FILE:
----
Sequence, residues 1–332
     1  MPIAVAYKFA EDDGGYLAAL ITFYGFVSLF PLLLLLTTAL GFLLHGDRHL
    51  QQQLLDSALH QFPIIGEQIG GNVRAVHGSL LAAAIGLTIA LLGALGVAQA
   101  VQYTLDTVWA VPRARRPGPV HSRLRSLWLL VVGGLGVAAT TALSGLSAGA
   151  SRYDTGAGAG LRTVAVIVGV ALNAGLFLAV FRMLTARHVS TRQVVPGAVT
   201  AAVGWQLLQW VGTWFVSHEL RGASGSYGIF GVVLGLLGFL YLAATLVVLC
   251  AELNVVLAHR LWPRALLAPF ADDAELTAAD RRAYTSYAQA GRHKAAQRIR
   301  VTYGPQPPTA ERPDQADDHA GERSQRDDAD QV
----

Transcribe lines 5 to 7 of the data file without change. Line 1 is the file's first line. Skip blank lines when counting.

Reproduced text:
   151  SRYDTGAGAG LRTVAVIVGV ALNAGLFLAV FRMLTARHVS TRQVVPGAVT
   201  AAVGWQLLQW VGTWFVSHEL RGASGSYGIF GVVLGLLGFL YLAATLVVLC
   251  AELNVVLAHR LWPRALLAPF ADDAELTAAD RRAYTSYAQA GRHKAAQRIR